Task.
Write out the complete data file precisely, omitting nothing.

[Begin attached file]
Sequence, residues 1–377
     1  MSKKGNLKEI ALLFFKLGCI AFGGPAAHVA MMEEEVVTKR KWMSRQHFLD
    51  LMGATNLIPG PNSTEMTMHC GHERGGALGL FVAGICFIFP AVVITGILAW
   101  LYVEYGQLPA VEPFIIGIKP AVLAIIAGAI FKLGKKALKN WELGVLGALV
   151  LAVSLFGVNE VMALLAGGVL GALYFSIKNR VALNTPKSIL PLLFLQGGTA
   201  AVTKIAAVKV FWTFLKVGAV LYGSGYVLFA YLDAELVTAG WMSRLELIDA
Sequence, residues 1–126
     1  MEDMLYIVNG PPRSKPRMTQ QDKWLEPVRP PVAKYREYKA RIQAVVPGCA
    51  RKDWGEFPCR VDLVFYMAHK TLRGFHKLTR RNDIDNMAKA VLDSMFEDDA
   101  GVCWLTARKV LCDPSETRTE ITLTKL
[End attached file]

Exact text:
Sequence, residues 1–377
     1  MSKKGNLKEI ALLFFKLGCI AFGGPAAHVA MMEEEVVTKR KWMSRQHFLD
    51  LMGATNLIPG PNSTEMTMHC GHERGGALGL FVAGICFIFP AVVITGILAW
   101  LYVEYGQLPA VEPFIIGIKP AVLAIIAGAI FKLGKKALKN WELGVLGALV
   151  LAVSLFGVNE VMALLAGGVL GALYFSIKNR VALNTPKSIL PLLFLQGGTA
   201  AVTKIAAVKV FWTFLKVGAV LYGSGYVLFA YLDAELVTAG WMSRLELIDA
Sequence, residues 1–126
     1  MEDMLYIVNG PPRSKPRMTQ QDKWLEPVRP PVAKYREYKA RIQAVVPGCA
    51  RKDWGEFPCR VDLVFYMAHK TLRGFHKLTR RNDIDNMAKA VLDSMFEDDA
   101  GVCWLTARKV LCDPSETRTE ITLTKL